The war that changed everything

To understand how much the Iraq war has changed the world, cast your mind back - not just one year to when the war started, but more than two years to when we first heard of the "axis of evil". Consider how far-fetched it seemed then that even a Republican-led America would actually start another war and that a Labour-led Britain would join in. Afghanistan was one thing. Many people rightly opposed that invasion, but saw that after grievous attacks on New York and Washington, the US could at least make a credible case for acting in self-defence against a specific threat. Iraq was quite different. Here, even if it had been true that Saddam Hussein possessed weapons of mass destruction, there was no suggestion that he intended imminently to use them. This was never a pre-emptive war, which implies an immediate threat of attack. Rather, it was a preventive war, designed to remove a potential threat and overthrow a regime thought inimical to American interests. True, preventive wars are nothing new: Britain launched one in the 18th century, called the War of the Spanish Succession. But most people outside the US believed such wars belonged to the distant past. The Iraq war was also (at least to some Americans) a crusade to light the fire of democracy in the Arab world. Crusades were something else that people hoped they had left behind.

To Europeans, this has been a deep shock. Before Iraq, the beginnings of what the American commentator and former State Department official Robert Kagan has called "a philosophical schism within the west" were already evident. Now, the two sides of the Atlantic are living, in Mr Kagan's words, on "separate strategic and ideological planets". A profound loathing of America has spread far beyond the sections of the left that have long denounced it as a capitalist behemoth. It has gripped Europe's business and professional elites who now believe that their continent must develop as an alternative power to the US (politically and economically, if not militarily) rather than as a partner. This schism will not easily be closed by the election of a Democratic president who will be a more consensual-minded hawk, rather than a dove. Despite its new friends in eastern Europe, the US, for the first time since the 1930s - when it deliberately chose isolation - stands alone. In Iraq, it forfeited the leadership of what used to be called "the free world".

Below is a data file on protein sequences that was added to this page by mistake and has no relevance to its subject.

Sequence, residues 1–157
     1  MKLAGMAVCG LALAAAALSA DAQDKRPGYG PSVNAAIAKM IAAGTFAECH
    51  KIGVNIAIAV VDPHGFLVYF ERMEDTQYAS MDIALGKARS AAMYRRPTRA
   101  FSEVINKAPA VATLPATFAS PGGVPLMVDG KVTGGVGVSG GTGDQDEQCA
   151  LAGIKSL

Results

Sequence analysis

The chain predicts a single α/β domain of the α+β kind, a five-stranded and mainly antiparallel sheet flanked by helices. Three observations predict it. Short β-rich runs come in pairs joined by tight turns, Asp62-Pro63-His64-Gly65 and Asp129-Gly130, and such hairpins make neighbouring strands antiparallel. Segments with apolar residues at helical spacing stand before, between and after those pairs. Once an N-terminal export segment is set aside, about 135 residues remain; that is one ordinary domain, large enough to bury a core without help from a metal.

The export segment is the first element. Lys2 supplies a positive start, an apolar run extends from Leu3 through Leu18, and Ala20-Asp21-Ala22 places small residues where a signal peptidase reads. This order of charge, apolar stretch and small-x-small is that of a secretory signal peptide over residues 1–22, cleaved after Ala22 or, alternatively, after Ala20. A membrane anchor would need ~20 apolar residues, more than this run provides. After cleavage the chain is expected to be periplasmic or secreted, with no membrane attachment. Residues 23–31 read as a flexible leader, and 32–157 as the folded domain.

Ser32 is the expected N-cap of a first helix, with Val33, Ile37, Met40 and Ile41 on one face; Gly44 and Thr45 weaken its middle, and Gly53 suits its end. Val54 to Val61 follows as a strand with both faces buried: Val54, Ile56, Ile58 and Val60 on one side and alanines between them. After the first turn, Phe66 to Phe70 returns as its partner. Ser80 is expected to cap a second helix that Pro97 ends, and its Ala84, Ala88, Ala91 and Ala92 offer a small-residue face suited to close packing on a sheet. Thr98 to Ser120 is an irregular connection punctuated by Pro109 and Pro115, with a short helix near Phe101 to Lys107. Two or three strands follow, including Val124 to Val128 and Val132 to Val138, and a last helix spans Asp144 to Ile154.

Americans often accuse Europeans of being blind to new realities. But it is perhaps America that is behind the times in not understanding that its power has lost legitimacy. The existence of the Soviet Union made American power acceptable for several decades, not only in Europe, which faced what seemed real threats to its physical security, but also in much of Africa, Asia and the Middle East, where great-power rivalry allowed countries to play one off against the other, sometimes to considerable advantage. In the developing world, an accommodation with the US and US-led institutions such as the World Bank is now the only alternative to isolation and penury. But the US insistence, in the name of growth, liberalism and democracy, on deregulation, privatisation and openness to foreign trade and capital looks to many developing countries like a thin cover for the promotion of American commercial and financial interests.

Now Europeans also begin to smell a rat. The cold war allowed the US to dictate the terms of politics and trade across the democratic world. How convenient that it now identifies a new danger that requires it to exercise similar leadership. But even if they accept Islamic terrorism as a long-term threat, Europeans do not see how America can protect them from it in the same sense that it protected them from Soviet invasion. Americans frequently suggest that the real reason for French, German and Russian opposition to the war was that these countries had business links (usually clandestine) to Saddam, or plans to develop them. Europeans may suggest, with equal cynicism, that Saddam's overthrow opens new opportunities for US capital, many being exploited by contributors to the coffers of the Republican Party.

As Mr Kagan writes (in a new section of his influential book Paradise and Power, of which a revised edition is published by Atlantic on 20 March): "To the modern liberal mind, there is something inherently illegitimate about the idea of a single, dominant world power unconstrained except by its own sense of restraint." America might have got the benefit of the doubt, particularly if it had shown itself willing to stick with the United Nations, a body that became more, not less, important in the less stable world order after the end of the cold war. Instead, the invasion of Iraq confirmed everybody's worst fears: unshackled, the US seemed to behave like a classically aggressive imperialist power.

Even such an acute commentator as Mr Kagan in the end misses the point. "Not all hegemons are equally frightening," he writes. America, he argues, does not pose a threat to European security or independence. Europe's gripe is really that, "too weak to be a potential ally, too secure to be a potential victim", it has lost control over US policy and thus over world affairs. But many people do feel frightened, economically and culturally, by the American hegemon - and some, like Anatol Lieven, Mr Kagan's colleague at a Washington think-tank, fear that the US could yet take a more unpleasantly nationalistic turn. The US, by any standards, is economically and culturally aggressive; Iraq suggests to the world that, when thwarted, it will turn militarily aggressive, too. The belief that the US could be a benign power - the world's "last, best hope", as even many leftists once regarded it - has been destroyed by the Iraq war.